And is there strength, I humbly asked, in the Almighty will
To calm this boisterous element, and bid its rage be still?—
To sweep it e’en from Nature’s face, with but a single breath,
Resistlessly as human life is swept away by death?
And can Niagara not rebel, with all its force and power,
When crumbling Nature shall give way at the appointed hour?
Must its fierce torrent tamely hush—its giant rocks then fall?
The still voice of my soul replied, ‘Yes, yes, frail mortal, all!’
Then let me meekly bow the head before such Power Divine—
The only Power that never ends—Niagara’s God and mine!”

I am sure you will not quarrel with me, reader, for introducing these graphic and eloquent lines, and for growing sentimental over my remembrance of Niagara Falls. They are too grand to be passed over lightly. Thus far, since my arrival at Niagara, you have not found much of the John Smithian tone in my narrative.

I had heard a good deal about the “Cave of the Winds,” and thought I would like to visit it. So, after standing for a full hour, wrapped up in the glories of the thundering cataract, I inquired of a respectable-looking gentleman where the “Cave of the Winds” was?

“You must go over on Goat Island to see that,” he said; “but I hope you don’t think of going down?”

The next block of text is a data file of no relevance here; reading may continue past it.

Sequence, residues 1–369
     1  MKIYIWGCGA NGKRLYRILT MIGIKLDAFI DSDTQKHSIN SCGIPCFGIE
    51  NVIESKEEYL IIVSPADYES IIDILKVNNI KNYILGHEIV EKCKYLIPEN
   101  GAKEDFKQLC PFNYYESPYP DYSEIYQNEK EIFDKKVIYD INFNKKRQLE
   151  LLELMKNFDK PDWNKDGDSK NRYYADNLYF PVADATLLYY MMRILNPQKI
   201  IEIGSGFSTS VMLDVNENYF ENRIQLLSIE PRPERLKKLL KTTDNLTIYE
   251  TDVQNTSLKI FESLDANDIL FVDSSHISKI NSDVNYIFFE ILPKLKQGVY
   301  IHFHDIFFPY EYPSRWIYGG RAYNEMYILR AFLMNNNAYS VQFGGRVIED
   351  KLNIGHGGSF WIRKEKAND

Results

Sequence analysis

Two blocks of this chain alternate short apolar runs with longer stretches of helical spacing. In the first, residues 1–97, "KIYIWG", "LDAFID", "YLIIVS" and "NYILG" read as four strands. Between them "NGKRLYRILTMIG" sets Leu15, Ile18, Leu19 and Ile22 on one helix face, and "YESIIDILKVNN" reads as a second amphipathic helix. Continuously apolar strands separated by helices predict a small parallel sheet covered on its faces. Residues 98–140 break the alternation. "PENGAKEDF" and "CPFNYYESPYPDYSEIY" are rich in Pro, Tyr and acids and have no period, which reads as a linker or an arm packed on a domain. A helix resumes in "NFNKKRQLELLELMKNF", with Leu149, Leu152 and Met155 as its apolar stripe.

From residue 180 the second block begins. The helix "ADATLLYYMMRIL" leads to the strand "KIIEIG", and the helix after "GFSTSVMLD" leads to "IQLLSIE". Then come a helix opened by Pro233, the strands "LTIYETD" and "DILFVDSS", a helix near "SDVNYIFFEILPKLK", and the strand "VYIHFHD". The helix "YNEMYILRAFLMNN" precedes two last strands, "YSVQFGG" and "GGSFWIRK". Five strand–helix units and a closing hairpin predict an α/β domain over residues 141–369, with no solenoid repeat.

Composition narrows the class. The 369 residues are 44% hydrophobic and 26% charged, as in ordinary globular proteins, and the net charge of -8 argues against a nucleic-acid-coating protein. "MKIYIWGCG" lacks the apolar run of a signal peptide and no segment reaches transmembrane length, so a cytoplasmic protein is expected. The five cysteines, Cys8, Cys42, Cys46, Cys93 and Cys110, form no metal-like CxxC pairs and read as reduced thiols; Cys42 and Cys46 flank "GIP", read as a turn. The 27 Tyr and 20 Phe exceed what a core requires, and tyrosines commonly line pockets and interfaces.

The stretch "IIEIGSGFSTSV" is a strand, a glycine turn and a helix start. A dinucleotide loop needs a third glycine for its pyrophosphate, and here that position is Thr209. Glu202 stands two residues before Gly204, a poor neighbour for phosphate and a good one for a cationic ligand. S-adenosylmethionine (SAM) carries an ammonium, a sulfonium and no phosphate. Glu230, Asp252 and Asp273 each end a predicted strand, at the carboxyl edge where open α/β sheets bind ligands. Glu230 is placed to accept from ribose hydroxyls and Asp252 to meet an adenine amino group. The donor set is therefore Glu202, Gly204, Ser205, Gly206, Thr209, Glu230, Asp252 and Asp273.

“O, yes,” I replied.

“What——on one leg?”

“Yes, I shall certainly take it with me.”

“But it is dangerous. You will have to go down a steep flight of wooden steps, and pass behind the sheet of water where you cannot stand up. The spray will blind you, and the wind will take your breath and lift you off your feet——”

Foot,” I interrupted.

“Yes, will lift you off your foot; and one mis-step is certain death. Many strong men with two legs are afraid to try it.”

“They have two feet, and are therefore just twice as apt to slip or make a mis-step.”

“Well,” said he, “go and see it, and I don’t believe you will venture down. A look down into it will satisfy you. It will remind you of all the accounts you have heard of Hades——”

“Where I thought water was not so plenty,” I interrupted.

“You are ahead of me again,” said he, laughing. “Well, follow the bank of the river till you reach a bridge: that will take you over to Goat Island.”

“Thank you.”

I walked up the shore of the river a little way and came to the bridge—a suspension bridge of four or five spans—and went over to Goat Island. This island divides the turbulent river, just before it takes its fearful plunge, into two cataracts. That on this side is termed the “American Fall;” that between Goat Island and Canada being termed the “Horse-shoe Fall,” because of its shape. The American Fall is nine hundred feet wide and one hundred and sixty-four feet high; while the Horse-shoe Fall is two thousand feet wide and one hundred and fifty-eight feet high. By far the larger portion of the water tumbles over on the Canada side of the island, no doubt because the rocky bed of the river is six feet lower on that side; the cataract on either side, however, is stupendous enough for all practical purposes.

In this connection I am reminded of an anecdote, with which I will conclude this chapter. Two Yankees, one of a sentimental and the other of a practical turn of mind, were standing side by side, gazing on this prodigy of Nature.

“How sublime!” exclaimed the former. “To think that it falls one hundred and sixty-four feet at a single leap!”

“What’s to hinder it?” responded the other.

Cave of the Winds.